The United States, as can easily be imagined, experiences more side effects of global warming than anywhere else in the world. This may be explained by the increasingly large amount of greenhouse gases we emit each day, and our reliance on motor vehicles. According to the U.S. Department of Transportation, the number of registered vehicles has more than tripled since 1960; therefore, the amount of exhaust emission coming from registered vehicles alone, has more than tripled. This obviously poses a threat to our environment.
The Clean Air Act, updated in 1990 from its original 1970 version, is an act passed by the American government to "clean up air pollution." The act works to reduce the amount of air pollution created by vehicles and other sources of pollution, and reduce the amount of chemicals used that deplete the ozone. The goal of the act was to "set and achieve" National Ambient Air Quality Standards (NAAQS) for each state, and a maximum pollutant level would be set accordingly for each state. Many states were not proactive in establishing NAAQS, and missed the deadlines set by the Act. There have been revisions since the original version, so the Act has not been completely ignored.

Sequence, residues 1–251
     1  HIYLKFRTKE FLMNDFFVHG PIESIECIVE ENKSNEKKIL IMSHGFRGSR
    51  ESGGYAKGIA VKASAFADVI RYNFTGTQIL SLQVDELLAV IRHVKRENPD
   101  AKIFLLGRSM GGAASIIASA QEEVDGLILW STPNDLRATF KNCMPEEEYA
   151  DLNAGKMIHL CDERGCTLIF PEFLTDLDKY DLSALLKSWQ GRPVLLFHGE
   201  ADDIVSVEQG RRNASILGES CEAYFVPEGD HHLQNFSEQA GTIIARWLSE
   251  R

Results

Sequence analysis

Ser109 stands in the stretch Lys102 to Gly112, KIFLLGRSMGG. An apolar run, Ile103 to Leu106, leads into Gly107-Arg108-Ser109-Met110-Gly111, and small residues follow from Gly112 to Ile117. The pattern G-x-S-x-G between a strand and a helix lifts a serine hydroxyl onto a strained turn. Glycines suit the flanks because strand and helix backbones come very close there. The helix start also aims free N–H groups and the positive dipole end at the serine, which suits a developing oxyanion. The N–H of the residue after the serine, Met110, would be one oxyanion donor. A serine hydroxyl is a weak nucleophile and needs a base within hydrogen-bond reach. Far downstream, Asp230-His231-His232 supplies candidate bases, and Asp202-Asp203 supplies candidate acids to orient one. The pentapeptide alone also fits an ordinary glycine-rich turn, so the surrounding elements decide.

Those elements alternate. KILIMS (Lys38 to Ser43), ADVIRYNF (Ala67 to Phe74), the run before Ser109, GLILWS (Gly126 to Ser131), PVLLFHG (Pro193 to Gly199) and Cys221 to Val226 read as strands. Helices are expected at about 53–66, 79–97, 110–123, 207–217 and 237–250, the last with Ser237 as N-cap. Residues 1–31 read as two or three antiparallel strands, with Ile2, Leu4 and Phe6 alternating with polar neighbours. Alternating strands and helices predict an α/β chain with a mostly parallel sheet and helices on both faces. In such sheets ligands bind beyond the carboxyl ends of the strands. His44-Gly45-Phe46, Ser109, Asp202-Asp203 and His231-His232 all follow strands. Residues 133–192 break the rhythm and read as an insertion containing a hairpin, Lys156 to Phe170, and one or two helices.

For a proposal with so much potential for beneficial effects, it is a shame that it could not be acted upon as planned because the state governments were so careless as to miss the NAAQS deadlines. The original version of this Act, if enforced as it should have been, would have greatly reduced the amount of greenhouse gas emissions produced by each state. Furthermore, since the NAAQS was created for each state instead of the country as a whole, each state's industry and economy would not be put in jeopardy because they were taken into careful consideration when establishing an appropriate NAAQS. This would have been a very effective bill, and it is a shame that the American people are unmotivated to the point of carelessness.